What Are The Signs Of Domestic Violence in 2018 ?
Domestic Violence: Victims of Domestic Violence
If you are a victim of domestic violence or if you know someone who is a victim of domestic violence you may not know what to do in this situation. If it is an emergency you may want to consider calling 911. If you feel trapped in an abusive relationship that involves domestic violence, know that there are many ways to get away from domestic violence. Here are some ideas for victims of domestic violence that are worth exploring.
First you may want to consider a way to get away from the abuser and perpetrator of domestic violence. Right from the first domestic violence act, you may want to consider leaving the place that you share with the aggressor. Whether it is the first act of domestic violence or not it is much safer to get away from the abuser and find another place to stay. Too often, victims of domestic violence are afraid of leaving his/her place of residence resulting in more abuse by the perpetrator of domestic violence.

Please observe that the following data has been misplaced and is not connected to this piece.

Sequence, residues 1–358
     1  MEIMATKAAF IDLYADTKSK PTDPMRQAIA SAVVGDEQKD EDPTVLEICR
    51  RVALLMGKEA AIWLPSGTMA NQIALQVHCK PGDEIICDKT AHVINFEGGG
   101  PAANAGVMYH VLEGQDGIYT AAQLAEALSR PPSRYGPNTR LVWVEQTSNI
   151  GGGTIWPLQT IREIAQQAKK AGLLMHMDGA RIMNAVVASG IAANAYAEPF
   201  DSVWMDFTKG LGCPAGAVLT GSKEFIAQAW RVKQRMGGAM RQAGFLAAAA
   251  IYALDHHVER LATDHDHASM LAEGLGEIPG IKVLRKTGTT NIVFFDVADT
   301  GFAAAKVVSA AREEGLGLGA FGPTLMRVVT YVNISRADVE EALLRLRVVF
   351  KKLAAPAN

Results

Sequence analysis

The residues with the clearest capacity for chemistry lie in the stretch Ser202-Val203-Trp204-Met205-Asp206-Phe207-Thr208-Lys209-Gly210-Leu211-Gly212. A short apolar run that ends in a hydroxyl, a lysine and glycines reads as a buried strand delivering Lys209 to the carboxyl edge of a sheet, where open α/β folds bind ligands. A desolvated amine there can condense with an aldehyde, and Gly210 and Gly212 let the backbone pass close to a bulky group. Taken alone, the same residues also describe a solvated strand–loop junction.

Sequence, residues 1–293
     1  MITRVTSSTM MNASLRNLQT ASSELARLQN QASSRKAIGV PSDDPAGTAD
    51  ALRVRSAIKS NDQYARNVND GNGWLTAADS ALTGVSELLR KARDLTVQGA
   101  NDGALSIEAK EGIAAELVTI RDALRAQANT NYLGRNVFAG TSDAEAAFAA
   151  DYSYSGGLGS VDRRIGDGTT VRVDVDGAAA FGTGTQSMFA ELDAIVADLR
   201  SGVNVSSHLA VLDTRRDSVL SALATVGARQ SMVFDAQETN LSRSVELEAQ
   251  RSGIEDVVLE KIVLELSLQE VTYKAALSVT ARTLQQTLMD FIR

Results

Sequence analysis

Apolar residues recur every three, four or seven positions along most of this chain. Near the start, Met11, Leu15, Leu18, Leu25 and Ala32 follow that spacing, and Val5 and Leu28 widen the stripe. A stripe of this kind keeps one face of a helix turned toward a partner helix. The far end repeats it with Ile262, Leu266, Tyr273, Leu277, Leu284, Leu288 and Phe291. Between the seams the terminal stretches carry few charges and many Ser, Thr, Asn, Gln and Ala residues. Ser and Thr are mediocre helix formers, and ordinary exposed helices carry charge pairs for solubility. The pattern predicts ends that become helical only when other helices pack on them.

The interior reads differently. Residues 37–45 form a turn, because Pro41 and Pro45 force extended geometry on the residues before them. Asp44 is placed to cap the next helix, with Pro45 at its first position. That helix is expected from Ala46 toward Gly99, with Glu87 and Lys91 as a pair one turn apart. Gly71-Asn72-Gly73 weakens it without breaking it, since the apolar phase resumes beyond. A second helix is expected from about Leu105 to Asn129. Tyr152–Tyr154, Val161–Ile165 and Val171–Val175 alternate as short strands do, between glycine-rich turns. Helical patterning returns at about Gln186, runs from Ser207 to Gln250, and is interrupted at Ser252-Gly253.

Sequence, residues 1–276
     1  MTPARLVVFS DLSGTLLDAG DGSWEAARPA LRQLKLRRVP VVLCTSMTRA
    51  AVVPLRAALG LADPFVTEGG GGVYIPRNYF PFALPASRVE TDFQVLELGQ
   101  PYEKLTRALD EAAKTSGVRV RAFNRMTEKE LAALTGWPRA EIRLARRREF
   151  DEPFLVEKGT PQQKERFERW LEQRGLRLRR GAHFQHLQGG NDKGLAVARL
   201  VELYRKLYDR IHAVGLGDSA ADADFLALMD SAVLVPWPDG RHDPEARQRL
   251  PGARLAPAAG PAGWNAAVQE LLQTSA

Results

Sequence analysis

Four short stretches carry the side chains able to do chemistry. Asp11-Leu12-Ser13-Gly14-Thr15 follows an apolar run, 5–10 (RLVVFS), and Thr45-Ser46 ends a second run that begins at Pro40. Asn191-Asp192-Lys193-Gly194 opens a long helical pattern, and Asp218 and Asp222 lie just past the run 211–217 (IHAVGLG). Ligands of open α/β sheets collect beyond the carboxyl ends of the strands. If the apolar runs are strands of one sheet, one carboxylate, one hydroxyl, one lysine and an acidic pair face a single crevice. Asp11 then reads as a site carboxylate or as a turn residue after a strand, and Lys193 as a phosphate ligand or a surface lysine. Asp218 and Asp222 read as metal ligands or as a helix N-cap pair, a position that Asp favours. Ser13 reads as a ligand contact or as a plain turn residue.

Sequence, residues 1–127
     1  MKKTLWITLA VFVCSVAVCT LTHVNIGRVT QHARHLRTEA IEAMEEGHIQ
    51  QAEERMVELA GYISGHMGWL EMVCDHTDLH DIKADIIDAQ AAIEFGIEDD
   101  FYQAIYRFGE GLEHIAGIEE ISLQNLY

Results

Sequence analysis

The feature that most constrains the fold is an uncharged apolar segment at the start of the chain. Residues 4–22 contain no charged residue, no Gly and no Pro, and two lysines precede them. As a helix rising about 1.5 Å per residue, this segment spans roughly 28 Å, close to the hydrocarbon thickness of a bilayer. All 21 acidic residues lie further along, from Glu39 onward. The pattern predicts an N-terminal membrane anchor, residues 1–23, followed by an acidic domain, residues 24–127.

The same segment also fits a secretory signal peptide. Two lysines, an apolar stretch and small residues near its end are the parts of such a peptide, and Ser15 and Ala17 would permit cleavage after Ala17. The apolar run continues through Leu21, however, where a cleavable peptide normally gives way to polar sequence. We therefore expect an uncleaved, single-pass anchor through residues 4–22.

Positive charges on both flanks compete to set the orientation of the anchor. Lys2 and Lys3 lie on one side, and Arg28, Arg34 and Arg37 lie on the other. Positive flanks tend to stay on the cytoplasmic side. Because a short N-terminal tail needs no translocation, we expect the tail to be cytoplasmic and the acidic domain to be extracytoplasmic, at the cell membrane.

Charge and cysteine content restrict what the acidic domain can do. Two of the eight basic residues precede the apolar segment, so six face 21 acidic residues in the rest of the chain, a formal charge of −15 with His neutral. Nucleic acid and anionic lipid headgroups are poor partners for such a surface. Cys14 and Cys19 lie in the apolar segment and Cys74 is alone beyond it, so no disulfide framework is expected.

If you are a victim of domestic violence you may also want to consider obtaining some external help such as requesting assistance from the police or local law enforcement. If you are in need of legal advice, you will want to consult an attorney. You may also wish to consider contacting a friend or a neighbor to get away from the situation rather than try to get trough it alone. Sadly, victims of domestic violence, who are in a very vulnerable situation, will often be persuaded from attempting to obtain help. External assistance is often very critical to help keep the victim of domestic violence protected.